The Israeli authorities impose illegal and unjustified restrictions on the movement and travel of Palestinian journalists to punish them for their journalistic work in contravention of Israel’s obligation as the occupying power.

The Israeli authorities should grant Palestinian journalists the right to freedom of movement to and from the Palestinian territories and within their cities without restrictions. If there were an exceptional case that calls for specific security restrictions, the Israeli authorities must handle it separately in accordance with the provisions of international law.


This report documents the Israeli restrictions on Palestinian journalists in terms of their right to freedom of movement and travel and their impact on journalists’ social, cultural, and economic rights. It documents cases and testimonies of Palestinian journalists who are banned from traveling because of their work.

Euro-Med Monitor’s team in the Gaza Strip, West Bank, and East Jerusalem interviewed Palestinian journalists whose right to freedom of movement and travel was violated. Some of them asked that their names, personal data, or some details related to their travel ban remain undisclosed, fearing Israeli persecution or more difficulties in their legal action aiming at revoking the travel ban.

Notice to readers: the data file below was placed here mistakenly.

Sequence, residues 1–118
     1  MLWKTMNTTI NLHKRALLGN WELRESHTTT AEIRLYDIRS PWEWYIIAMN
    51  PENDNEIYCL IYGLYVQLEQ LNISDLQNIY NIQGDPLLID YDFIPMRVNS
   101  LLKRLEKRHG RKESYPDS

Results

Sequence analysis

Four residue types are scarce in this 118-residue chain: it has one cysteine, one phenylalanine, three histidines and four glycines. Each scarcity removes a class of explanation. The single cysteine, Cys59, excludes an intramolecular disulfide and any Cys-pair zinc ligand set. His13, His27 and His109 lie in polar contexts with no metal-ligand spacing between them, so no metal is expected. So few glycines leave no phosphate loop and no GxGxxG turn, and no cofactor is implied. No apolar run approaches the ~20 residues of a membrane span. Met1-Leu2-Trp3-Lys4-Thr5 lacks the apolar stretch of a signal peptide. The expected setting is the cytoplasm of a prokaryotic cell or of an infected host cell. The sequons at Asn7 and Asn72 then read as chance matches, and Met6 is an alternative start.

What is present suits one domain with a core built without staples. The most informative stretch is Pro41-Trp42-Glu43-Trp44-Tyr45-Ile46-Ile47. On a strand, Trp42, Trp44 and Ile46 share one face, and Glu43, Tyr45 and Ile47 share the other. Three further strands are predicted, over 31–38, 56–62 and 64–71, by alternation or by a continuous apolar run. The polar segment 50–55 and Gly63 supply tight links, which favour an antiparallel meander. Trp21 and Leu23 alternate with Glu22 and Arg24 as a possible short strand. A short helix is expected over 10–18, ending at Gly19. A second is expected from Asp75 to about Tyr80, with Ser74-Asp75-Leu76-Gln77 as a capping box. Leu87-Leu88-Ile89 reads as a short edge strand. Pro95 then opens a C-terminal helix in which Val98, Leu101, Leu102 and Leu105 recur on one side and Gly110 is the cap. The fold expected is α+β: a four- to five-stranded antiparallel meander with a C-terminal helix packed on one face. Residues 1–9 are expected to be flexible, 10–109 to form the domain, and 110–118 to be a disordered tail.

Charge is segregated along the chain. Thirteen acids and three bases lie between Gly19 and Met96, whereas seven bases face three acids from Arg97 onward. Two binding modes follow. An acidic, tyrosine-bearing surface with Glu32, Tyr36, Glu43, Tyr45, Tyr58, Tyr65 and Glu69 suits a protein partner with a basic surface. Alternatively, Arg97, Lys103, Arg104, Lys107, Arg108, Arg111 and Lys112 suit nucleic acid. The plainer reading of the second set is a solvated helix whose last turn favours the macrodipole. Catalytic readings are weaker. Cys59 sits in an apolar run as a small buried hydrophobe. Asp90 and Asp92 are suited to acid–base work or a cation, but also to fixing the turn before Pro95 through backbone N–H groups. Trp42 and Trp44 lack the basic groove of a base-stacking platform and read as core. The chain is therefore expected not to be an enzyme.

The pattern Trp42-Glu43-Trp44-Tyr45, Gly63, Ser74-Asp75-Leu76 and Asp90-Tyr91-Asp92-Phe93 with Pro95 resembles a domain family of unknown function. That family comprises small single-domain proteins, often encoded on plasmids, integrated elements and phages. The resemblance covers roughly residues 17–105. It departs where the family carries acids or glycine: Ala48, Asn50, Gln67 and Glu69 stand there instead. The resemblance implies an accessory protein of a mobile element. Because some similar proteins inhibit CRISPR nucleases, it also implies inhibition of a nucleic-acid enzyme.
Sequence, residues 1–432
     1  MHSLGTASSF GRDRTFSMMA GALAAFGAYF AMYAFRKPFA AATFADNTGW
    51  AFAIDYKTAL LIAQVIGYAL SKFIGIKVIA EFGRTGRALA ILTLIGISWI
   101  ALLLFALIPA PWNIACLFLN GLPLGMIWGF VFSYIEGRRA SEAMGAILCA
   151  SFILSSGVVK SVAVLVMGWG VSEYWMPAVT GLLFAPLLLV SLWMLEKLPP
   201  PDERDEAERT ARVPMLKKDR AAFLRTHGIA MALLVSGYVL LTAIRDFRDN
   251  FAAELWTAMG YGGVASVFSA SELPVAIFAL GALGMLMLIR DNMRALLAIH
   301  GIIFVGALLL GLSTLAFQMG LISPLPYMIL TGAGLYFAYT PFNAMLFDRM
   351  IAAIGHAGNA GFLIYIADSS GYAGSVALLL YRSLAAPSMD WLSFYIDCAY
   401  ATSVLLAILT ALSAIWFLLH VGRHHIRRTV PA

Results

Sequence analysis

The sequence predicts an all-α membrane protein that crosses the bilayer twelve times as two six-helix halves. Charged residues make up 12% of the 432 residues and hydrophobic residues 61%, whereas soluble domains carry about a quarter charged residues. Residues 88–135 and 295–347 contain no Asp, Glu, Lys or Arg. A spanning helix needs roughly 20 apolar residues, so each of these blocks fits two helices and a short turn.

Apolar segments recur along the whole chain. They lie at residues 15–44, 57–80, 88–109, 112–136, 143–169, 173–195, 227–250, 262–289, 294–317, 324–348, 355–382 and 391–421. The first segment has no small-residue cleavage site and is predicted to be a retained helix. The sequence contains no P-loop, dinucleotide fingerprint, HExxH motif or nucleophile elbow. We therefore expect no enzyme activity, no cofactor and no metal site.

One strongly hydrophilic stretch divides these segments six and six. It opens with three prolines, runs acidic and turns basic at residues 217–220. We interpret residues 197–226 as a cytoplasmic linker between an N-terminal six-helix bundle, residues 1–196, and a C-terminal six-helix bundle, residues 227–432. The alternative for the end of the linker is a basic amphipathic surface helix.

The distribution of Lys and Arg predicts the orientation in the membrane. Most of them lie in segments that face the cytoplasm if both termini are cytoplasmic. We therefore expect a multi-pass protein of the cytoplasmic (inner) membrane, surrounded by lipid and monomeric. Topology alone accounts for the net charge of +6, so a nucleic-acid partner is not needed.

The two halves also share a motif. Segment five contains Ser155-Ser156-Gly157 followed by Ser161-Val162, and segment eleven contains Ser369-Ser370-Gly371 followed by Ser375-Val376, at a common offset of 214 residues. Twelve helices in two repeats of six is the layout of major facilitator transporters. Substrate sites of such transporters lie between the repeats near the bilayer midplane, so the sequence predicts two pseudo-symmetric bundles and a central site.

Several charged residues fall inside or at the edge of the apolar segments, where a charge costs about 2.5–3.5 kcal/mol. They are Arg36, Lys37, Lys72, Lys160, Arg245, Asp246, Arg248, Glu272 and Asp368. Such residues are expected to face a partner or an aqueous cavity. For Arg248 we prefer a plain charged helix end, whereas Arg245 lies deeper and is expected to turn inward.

In addition to personal interviews with journalists, Euro-Med Monitor conducted estimates based on the data provided by the journalists who are banned from traveling and their colleagues. The data indicate that the number of journalists on whom Israel imposes restrictions on freedom of movement is estimated at dozens.

Legal background

Since the first human rights documents were drafted, starting with the Universal Declaration of Human Rights in 1948, freedom of movement has been a prerequisite for many civil, economic, social, cultural, and political rights. It is a right guaranteed under international human rights law and international humanitarian law in many instruments, including the International Covenant on Civil and Political Rights, the Universal Declaration of Human Rights, the Fourth Geneva Convention relative to the Protection of Civilian Persons in Time of War, and the ICRC commentary in Article 27 of the Geneva Convention on Freedom of Movement.